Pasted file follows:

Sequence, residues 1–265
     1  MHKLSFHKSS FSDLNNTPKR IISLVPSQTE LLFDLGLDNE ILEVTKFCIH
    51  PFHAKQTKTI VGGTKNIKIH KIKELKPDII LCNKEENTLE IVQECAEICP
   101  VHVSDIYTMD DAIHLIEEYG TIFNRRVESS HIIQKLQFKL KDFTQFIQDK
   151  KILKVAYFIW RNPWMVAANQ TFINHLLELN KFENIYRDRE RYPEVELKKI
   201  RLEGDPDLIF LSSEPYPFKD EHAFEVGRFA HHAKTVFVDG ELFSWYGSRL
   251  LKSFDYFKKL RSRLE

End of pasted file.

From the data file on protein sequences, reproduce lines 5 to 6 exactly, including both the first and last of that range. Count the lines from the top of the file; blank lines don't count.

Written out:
   151  KILKVAYFIW RNPWMVAANQ TFINHLLELN KFENIYRDRE RYPEVELKKI
   201  RLEGDPDLIF LSSEPYPFKD EHAFEVGRFA HHAKTVFVDG ELFSWYGSRL